The Game of Death is an incomplete 1972 Hong Kong martial arts film directed, written, produced by and starring Bruce Lee, in his final film attempt. Lee died during the making of the film. Over 100 minutes of footage was shot prior to his death, some of which was later misplaced in the Golden Harvest archives. The remaining footage has been released with Lee’s original Cantonese and English dialogue, with John Little dubbing Lee’s Hai Tien character as part of the documentary entitled Bruce Lee: A Warrior’s Journey. Most of the footage that was shot is from what was to be the climax of the film.
During filming, Lee received an offer to star in Enter the Dragon, the first kung fu film to be produced by a Hollywood studio (Warner Bros.), and with a budget unprecedented for the genre ($850,000). Lee died of cerebral edema before the film’s release. At the time of his death, he had already made plans to resume the filming of Game of Death.
After Lee’s death, Enter the Dragon director Robert Clouse was enlisted to finish the film using two stand-ins; it was released in 1978, five years after Lee’s death, by Golden Harvest.
The revised version of the film uses only 11 minutes and 7 seconds of the footage from the original The Game of Death, and for the vast majority of the film, the role of Billy Lo was shared by Yuen Biao and taekwondo master Kim Tai-jong and was voiced by Chris Kent. The plot of the film allowed Kim and Yuen to spend much of the film in disguises, usually involving false beards and large, dark sunglasses that obscured the fact that they bore little resemblance to Lee. Many scenes, including fight scenes, also included brief close-up bits of stock footage of the real Bruce Lee from his pre-Enter the Dragon films, often only lasting a second or two. These clips are easily recognisable due to the difference in film quality between the old and new footage. At one point in the movie, real footage of Lee’s corpse in his open-topped casket is used to show the character Billy Lo faking his death. There is even a scene, taken place in Billy’s dressing room, where a cut-out of Lee’s face was taped to a mirror, covering the stand-in’s own face.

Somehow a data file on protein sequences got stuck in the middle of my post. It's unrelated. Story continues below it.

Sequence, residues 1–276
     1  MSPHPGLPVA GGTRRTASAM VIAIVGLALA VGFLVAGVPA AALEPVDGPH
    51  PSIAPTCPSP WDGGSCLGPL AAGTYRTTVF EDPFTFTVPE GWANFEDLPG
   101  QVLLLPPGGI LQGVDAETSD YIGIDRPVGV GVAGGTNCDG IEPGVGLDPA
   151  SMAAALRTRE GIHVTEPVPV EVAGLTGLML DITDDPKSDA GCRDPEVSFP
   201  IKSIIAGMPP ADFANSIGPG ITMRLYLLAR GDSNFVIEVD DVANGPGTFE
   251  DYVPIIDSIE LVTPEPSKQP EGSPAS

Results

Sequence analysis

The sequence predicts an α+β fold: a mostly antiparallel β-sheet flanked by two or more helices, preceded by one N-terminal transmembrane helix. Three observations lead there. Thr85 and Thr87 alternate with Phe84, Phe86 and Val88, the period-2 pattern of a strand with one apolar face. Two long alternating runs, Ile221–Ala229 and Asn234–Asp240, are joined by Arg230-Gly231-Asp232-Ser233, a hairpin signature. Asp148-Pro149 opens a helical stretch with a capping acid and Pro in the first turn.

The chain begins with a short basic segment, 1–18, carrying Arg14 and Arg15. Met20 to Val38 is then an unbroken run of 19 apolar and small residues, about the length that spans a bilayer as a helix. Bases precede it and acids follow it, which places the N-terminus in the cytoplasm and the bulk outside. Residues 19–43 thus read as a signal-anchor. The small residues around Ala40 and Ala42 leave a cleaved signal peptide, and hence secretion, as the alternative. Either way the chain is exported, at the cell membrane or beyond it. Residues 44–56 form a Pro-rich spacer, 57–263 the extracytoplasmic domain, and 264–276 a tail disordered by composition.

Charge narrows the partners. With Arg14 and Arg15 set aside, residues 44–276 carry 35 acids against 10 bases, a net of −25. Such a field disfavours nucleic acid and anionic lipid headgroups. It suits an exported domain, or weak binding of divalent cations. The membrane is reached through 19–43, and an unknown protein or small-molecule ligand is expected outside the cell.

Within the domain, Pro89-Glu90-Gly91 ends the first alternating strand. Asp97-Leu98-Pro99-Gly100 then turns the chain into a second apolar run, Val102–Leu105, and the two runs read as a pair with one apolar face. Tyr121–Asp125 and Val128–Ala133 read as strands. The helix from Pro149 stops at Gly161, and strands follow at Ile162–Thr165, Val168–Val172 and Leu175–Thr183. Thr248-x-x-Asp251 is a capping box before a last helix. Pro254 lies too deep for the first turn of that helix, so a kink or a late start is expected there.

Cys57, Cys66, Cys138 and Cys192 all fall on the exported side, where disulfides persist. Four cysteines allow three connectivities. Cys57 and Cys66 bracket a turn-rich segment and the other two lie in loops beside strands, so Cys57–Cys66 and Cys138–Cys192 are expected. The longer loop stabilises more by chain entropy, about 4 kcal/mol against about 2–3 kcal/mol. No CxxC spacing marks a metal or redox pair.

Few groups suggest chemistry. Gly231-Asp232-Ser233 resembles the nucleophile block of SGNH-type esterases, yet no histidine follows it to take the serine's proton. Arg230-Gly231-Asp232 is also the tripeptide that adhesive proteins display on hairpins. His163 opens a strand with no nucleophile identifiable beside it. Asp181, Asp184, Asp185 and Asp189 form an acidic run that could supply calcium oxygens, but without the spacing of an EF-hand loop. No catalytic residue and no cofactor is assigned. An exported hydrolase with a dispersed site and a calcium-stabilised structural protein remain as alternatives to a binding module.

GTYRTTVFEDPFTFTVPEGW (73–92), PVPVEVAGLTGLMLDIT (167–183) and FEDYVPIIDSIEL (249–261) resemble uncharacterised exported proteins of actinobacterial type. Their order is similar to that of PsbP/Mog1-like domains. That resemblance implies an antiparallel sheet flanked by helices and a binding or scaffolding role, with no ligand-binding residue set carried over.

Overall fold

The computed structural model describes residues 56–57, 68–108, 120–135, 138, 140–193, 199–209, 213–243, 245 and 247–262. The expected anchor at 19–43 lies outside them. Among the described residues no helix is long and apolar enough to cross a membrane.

Several actors associated with previous Lee movies were included in the re-shoot for the final 1978 film. For example, Robert Wall, a villain in both Way of the Dragon and Enter the Dragon, plays a kickboxer named Carl Miller who must battle with Billy Lo. Sammo Hung, who appeared in Enter the Dragon, served as the fight coordinator for the re-shoot of Game of Death, and also appears in the scene as a ring opponent for Miller. To maintain continuity with the fight footage taken from the original film, Dan Inosanto (renamed Pasqual) and Ji Han-jae (whose character was unnamed and was not shown until near the end of the film) were given small parts as additional enforcers for the syndicate. Kareem Abdul-Jabbar refused to participate in the re-shoot, with another tall African-American stand-in (renamed Hakim) included instead. Although Chuck Norris is credited as starring in the film, his role is limited to clips from Way of the Dragon inserted into the film.
The film quality of the Clouse-directed footage was noticeably higher than that of Lee’s earlier Hong Kong films, and John Barry provided an original soundtrack. The film also featured performances by experienced actors as well as up-and-coming stars, including two recipients of the Academy Award for Best Supporting Actor (Dean Jagger and Gig Young) and several who have been honoured with a star on the Hollywood Walk of Fame, including Bruce Lee, Dean Jagger, Chuck Norris, Hugh O’Brian, and Gig Young (in his final film).
For Chinese-speaking audiences, the film was dubbed into Cantonese and Mandarin, and had significant changes, such as the inclusion of a fight in a greenhouse with Casanova Wong and a different opening and closing credits sequence, featuring a new theme song, plus a couple of minor scenes. Unlike the English version, they use Lee’s actual battle sounds. Several scenes were removed, also, including the fight in the opera house dressing room.
In the original Hong Kong version, the fight with Ji Han-jae is included (during the middle of the film though), whilst the ending did not show Billy Lo being arrested. Instead, both he and Ann share their good-byes to Jim as they appear to depart Hong Kong on a boat. The Singaporean version ended with Billy’s arrest, and it did not feature the Ji Han-jae fight. This is the version commonly found in Chinese.
The Mandarin dubbed version of the film featured a different theme song to that of the Cantonese version. The theme song sounded familiar to the main theme of Way of the Dragon. This version also included the scene where Billy and Ann share their good-byes to Jim. The Cantonese dubbed version shows the commonly found scene where Billy is arrested by the police.
The transcript below is from the video “Bruce Lee Game of Death Behind the Scenes Fly Kick 7 Feet (New Rare Footage)” by BruceLeeRealFight.
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